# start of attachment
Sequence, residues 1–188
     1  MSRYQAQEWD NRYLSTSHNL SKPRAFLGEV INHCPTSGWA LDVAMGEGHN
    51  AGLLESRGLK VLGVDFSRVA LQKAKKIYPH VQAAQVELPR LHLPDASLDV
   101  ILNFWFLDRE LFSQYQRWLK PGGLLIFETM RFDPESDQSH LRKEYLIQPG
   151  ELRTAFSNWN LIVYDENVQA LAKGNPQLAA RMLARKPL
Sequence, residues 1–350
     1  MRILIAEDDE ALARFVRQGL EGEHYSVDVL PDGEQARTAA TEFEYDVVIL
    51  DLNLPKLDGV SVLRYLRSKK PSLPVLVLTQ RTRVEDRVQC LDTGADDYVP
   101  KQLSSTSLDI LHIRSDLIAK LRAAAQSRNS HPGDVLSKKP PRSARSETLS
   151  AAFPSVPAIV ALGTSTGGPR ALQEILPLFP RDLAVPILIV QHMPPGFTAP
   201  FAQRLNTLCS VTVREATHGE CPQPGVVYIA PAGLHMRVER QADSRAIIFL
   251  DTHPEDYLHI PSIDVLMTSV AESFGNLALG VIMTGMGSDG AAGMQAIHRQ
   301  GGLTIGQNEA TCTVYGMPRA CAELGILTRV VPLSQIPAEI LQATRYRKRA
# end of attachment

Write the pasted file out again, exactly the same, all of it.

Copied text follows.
Sequence, residues 1–188
     1  MSRYQAQEWD NRYLSTSHNL SKPRAFLGEV INHCPTSGWA LDVAMGEGHN
    51  AGLLESRGLK VLGVDFSRVA LQKAKKIYPH VQAAQVELPR LHLPDASLDV
   101  ILNFWFLDRE LFSQYQRWLK PGGLLIFETM RFDPESDQSH LRKEYLIQPG
   151  ELRTAFSNWN LIVYDENVQA LAKGNPQLAA RMLARKPL
Sequence, residues 1–350
     1  MRILIAEDDE ALARFVRQGL EGEHYSVDVL PDGEQARTAA TEFEYDVVIL
    51  DLNLPKLDGV SVLRYLRSKK PSLPVLVLTQ RTRVEDRVQC LDTGADDYVP
   101  KQLSSTSLDI LHIRSDLIAK LRAAAQSRNS HPGDVLSKKP PRSARSETLS
   151  AAFPSVPAIV ALGTSTGGPR ALQEILPLFP RDLAVPILIV QHMPPGFTAP
   201  FAQRLNTLCS VTVREATHGE CPQPGVVYIA PAGLHMRVER QADSRAIIFL
   251  DTHPEDYLHI PSIDVLMTSV AESFGNLALG VIMTGMGSDG AAGMQAIHRQ
   301  GGLTIGQNEA TCTVYGMPRA CAELGILTRV VPLSQIPAEI LQATRYRKRA